Fig. 1. SEM-EDX graph of WPCs made from untreated J. procera wood-branch, (A) Control (uninoculated), (B) (Inoculated (fungal hyphae of T. harzianum (arrows) after 2 months)

Table 2. Elemental Analysis of WPCs made from J. procera Wood-Branch (JP) and Polypropylene (PP) as Affected by T. harzianum

* According to Fisher’s least significant difference test, means with the same letter within the same row are not significantly different at the 0.05 level of probability. Values are the mean of three replicates ± standard deviation.


Fig. 2. SEM-EDX graph of WPCs made from pretreated J. procera branch with cold-water extraction; (A) Control (uninoculated), (B) (Inoculated with T. harzianum after 2 months

Previously, researchers have focused on particle pretreatments that used high temperatures, such as 140, 155, and 170 °C, to show its effects on the mechanical, physical, and thermal properties as well as mold resistance of the manufactured wood-based composites (WPC and particleboards). This high temperature caused degradation of the main chemical components of the wood (hemicellulose) and suggested that water and mold resistance of WPC could be improved (Kim et al. 2008, 2009; Hosseinaei et al. 2011a,b, 2012). Furthermore, the removal of free sugars, starches, and lipids may explain the mold resistance of WPC manufactured with hemicellulose extraction at high temperature by hot water extraction (Hosseinaei et al. 2012).

Fig. 3. SEM-EDX graph of WPCs made from pretreated J. procera wood-branch with hot water extraction; (A) Control (uninoculated), (B) (Inoculated with T. harzianum after 2 months) 

Visual Observation of the Incubated WPC Samples

The visual observations of the inoculated WPCs made with T. harzianum in comparison with the control were recorded at two months after inoculation and at four months after Petri dish storage at room temperature (Fig. 4).

It can be seen that after two and four months, the WPC samples from J. procera wood-branch inoculated by T. harzianum did not visually display any growth of T. harzianum.

As stated in the literature, the higher plants are a bioresource and produce many different secondary metabolites or natural extracts, which exhibit a broad spectrum of activities against several pathogens (EL-Hefny et al. 2017; Hussein et al. 2017; Salem et al. 2017). These nature extracts are toxic or causes inhibitory to pathogenic fungi, as well as they display the natural resistance of wood (Wagener and Davidson 1954; Cos et al. 2006, Mansour et al. 2015a,b; Salem 2016; Salem et al. 2016 a,b). From these statements, the results of the present work confirmed the natural resistance of J. procera wood, where previously, resin had shown activity against wood-colonizing fungi (Martin et al. 2002; Bitew 2015). In addition, diterpenoids and sesquiterpene constituents isolated from J. procera showed bioactivity against some plant pathogens (Muhammad et al. 1995, 1996).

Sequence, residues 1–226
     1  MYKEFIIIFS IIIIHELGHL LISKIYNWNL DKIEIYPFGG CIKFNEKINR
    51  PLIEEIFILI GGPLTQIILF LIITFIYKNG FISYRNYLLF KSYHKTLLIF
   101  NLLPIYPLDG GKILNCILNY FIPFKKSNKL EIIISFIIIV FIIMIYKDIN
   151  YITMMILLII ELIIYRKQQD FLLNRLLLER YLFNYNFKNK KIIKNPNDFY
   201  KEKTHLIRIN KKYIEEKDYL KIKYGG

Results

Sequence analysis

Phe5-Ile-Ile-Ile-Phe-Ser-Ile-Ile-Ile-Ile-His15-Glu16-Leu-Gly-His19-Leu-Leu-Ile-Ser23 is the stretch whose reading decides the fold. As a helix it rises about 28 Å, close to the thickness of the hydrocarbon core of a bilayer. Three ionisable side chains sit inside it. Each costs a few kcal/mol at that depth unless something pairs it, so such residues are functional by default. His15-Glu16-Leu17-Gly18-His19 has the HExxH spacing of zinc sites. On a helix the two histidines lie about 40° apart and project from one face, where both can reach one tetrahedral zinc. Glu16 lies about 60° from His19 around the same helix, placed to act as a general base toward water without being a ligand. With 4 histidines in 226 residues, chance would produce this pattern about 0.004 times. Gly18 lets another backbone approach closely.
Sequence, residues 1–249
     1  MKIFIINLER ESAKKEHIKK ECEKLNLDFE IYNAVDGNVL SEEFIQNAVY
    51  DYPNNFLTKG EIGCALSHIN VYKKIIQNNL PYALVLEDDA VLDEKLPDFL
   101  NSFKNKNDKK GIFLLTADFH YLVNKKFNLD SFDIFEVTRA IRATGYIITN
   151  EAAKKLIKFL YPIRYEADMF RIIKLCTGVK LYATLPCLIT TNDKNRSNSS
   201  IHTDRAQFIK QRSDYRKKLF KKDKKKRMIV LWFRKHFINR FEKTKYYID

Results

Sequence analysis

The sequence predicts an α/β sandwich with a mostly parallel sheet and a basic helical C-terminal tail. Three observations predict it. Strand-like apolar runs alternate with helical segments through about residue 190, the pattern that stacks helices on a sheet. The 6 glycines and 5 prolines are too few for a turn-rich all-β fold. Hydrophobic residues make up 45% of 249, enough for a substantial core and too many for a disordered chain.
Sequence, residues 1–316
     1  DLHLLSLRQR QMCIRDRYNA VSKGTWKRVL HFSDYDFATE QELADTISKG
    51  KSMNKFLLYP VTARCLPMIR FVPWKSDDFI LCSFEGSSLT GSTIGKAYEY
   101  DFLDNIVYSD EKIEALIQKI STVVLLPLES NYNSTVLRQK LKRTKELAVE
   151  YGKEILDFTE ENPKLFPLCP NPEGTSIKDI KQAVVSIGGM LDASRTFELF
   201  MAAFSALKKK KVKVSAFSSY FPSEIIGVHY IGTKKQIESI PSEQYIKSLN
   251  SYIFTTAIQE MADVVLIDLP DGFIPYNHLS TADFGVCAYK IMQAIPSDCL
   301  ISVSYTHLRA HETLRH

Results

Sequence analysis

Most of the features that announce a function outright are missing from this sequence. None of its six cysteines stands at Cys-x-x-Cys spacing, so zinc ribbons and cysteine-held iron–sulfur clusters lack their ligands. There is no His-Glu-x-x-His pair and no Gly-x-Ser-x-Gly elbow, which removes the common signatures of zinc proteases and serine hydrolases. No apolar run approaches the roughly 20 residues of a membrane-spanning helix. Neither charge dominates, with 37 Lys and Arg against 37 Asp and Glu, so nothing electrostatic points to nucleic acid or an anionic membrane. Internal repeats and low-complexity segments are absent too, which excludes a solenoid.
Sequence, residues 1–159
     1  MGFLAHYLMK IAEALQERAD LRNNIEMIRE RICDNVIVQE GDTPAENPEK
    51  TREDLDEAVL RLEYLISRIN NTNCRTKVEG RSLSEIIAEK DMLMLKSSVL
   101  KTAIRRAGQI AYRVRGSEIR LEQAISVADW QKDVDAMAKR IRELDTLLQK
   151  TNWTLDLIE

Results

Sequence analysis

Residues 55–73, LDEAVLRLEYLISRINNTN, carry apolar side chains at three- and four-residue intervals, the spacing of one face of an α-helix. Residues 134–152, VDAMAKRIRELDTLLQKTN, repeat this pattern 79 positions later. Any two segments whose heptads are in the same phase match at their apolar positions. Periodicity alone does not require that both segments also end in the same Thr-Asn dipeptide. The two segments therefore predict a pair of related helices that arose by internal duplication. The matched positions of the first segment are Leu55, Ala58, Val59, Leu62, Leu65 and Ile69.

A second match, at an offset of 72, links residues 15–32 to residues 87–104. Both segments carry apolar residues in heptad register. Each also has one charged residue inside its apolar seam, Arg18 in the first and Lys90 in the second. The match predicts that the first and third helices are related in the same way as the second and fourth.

C-Control; T1- JP-UN-PP; T2- JP-CWS-PP; T3- JP-HWE-PP.


Fig. 4. Visual observation of the inoculated WPCs made from J. procera wood-branch by T. harzianum after two and four months 

From the above results, the fungal discoloration must be controlled in the produced WPCs panels, which can be controlled and prevented by rapid kiln drying or by treating of wood surface chemicals as was stated from the literature (Zabel and Morrell 1992; Verhey and Laks 2002; Morton et al. 2003; Simonsen et al. 2004; Xu et al. 2015). Therefore, our results observed that the using of durable wood species like J. procera in the production of WPCs had good effects on the prevention of the mold infestation over the surfaces of the produced panels.


  1. SEM-EDX images of WPCs made from the pretreated procera wood branch particles with either cold or hot water extracted WPCs showed little or no growth of T. harzianum.
  2. The production of WPCs from a durable wood species ( procera) had good effects on the suppression of fungal growth of T. harzianum, where the SEM-EDX measurements showed nearly no changes in elemental composition as well as fungal infestation.
  3. From the present results and the data related to the durability of procera wood, it is suggested to manufacture WPCs from this wood when wet conditions are expected. This way, mold growth could be suppressed.


The authors would like to extend their sincere appreciation to the Deanship of Scientific Research at King Saud University for its funding this Research group NO. (RG 1435-011).


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Article submitted: February 8, 2017; Peer review completed: April 6, 2017; Revised version received and accepted: April 18, 2017; Published: April 25, 2017.

DOI: 10.15376/biores.12.2.4187-4201